Slipstream rekindles ‘A Doll’s House: Part 2’
FERNDALE, Mich.–When Henrik Ibsen wrote A Doll’s House in the 1870s, he left things wide open for the audience to wonder would have become of Nora, the protagonist of the play after the final bow. Ibsen’s story was groundbreaking, after all.
Lucas Hnath is pretty audacious in his undertaking of A Doll’s House: Part 2. He not only inserts his ideas into Ibsen’s story and characters–something more and more writers are doing with public domain works like those from Charles Dickens and Jane Austen–but he weaves some thoroughly modern language into the mouths of his characters who on any given day might be talking about the latest news about Queen Victoria or Norway’s King Oscar.
Ibsen wrote of a strong woman, Nora (Jeannine Thompson), with an independent streak at a time when women’s rights were being asserted and litigated in Scandanavia ahead of the debate in the U.S. At the end of Ibsen’s original, Nora, stifled by her marriage to Torvald (Patrick O’Lear), leaves the family including her children. Ibsen had ample opportunity to write a sequel to the story, having lived on until 1906, but he was never inspired to do so.
In comes Hnath with a story that starts 15 years after Nora’s exit. She has come home, having established herself as a decently successful author. Indeed, Torvald, after having an argument with his prodigal wife, is able to buy her latest book at the local shop. She has her own money and life, and she has had any number of lovers.
Nora is in a bind. And it does not give away critical information to say that Nora, Torvald and daughter Emmie (Maggie Alger) and Anne Marie (Maggie Gilkes), the nanny who looked after Nora’s children in her absence, have a series of conversations about the fact that Torvald never formally filed for divorce. Nora thought she had. And in the 1870s, for Nora, this has presented a series of problems.
Hnath has an extraordinary gift for accurate dialogue. His speeches for Nora about the suffocating nature of a marriage gone bad are penetrating and Ms. Thompson’s delivery of Nora’s angst and resolute dignity about her choice to leave so as not to die from lack of oxygen is convincing, searing and organic.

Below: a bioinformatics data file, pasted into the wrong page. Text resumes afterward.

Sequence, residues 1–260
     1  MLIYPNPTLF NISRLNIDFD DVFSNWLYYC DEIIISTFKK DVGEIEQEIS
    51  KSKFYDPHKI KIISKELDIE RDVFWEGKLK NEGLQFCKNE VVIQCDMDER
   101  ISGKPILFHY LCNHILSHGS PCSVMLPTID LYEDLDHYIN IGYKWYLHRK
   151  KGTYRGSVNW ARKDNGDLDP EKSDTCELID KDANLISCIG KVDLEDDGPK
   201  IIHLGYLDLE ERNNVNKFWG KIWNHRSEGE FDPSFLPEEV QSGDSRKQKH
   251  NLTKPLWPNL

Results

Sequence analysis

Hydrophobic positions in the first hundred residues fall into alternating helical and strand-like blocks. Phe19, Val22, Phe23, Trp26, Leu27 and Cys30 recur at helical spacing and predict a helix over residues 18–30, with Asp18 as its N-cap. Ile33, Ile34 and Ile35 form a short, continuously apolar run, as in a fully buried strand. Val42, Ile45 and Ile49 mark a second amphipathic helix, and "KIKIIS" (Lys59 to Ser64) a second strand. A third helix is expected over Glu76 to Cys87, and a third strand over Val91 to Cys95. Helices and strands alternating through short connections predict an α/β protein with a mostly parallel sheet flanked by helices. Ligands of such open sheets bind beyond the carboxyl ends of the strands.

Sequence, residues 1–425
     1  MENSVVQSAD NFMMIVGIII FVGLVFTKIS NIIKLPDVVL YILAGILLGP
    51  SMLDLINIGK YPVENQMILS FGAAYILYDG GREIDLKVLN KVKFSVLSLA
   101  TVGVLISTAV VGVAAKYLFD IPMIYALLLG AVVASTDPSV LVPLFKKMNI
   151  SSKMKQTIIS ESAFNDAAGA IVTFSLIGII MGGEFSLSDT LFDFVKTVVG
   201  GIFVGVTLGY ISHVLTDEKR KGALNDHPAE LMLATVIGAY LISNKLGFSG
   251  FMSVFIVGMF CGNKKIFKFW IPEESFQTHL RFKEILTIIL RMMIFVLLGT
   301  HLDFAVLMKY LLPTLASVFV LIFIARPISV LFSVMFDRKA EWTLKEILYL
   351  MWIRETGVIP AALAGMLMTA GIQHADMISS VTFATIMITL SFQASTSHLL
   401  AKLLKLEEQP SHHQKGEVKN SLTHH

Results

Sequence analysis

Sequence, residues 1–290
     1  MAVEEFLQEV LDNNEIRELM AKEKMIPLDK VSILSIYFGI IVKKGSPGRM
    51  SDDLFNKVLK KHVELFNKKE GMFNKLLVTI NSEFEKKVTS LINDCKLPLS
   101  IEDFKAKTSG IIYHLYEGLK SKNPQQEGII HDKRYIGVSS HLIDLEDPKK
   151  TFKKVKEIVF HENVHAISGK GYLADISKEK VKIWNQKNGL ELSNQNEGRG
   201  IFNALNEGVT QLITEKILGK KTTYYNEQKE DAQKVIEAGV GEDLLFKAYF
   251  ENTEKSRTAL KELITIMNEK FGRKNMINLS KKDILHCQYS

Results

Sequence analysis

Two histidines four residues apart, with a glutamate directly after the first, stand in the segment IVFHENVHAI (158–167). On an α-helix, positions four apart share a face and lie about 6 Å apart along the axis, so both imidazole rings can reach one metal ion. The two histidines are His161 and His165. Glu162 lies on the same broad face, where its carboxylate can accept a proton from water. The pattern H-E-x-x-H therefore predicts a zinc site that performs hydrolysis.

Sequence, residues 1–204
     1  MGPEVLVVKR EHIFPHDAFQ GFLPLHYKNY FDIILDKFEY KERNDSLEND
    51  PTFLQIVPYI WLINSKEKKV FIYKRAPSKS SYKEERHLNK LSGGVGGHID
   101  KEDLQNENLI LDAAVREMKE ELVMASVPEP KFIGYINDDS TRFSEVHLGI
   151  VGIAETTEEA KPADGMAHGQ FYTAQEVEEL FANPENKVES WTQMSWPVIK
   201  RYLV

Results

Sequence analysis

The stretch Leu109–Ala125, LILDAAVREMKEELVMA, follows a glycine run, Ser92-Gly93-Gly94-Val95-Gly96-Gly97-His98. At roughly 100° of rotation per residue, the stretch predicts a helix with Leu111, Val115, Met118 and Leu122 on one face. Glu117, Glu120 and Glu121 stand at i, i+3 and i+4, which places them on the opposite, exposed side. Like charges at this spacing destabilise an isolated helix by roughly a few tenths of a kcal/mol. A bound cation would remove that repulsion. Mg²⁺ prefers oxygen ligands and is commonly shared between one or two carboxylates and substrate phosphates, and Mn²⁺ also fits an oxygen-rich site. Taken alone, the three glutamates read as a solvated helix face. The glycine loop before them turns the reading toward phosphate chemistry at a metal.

Hnath’s depiction of Anne Marie is thoroughly modern with lots of modern curse words that seem more appropriate for 1979 than 1879. But it does not detract, and indeed, roots the eternal theme of women being stifled in modernity instead of locked up in the feminism movement of 150 years ago. O’Lear has to cover a wide swath in the 90 minute play, from angry jilted husband to vindictive to something all together different by the end of the story. Alger’s Emmie is calculating. She is business-like about her mother’s departure and return, but she also lets in a bit of hurt to her eyes and face that cracks through just enough.
Director Bailey Boudreau keeps the play tight and taut There is but one bench inside the theatre’s front performance space, which has the feel of a large living room with seating for about 35. The walls are painted blue as if the paint is old and the room neglected. Indeed, it looks like the inside of a doll’s house that was abandoned 15 years earlier with all but the one bit of furniture left behind and unwanted.
A Doll’s House: Part Two is a talky play. But in the hands of this well directed cast, the talk is snappy and crackles and makes an audience think, as Ibsen’s did, about the role and rights of personal achievement and liberty of women who have long been mistakenly called the weaker sex. Women are, in fact, the gender that has held the world together, healing it after the men have done all they can to blow it up.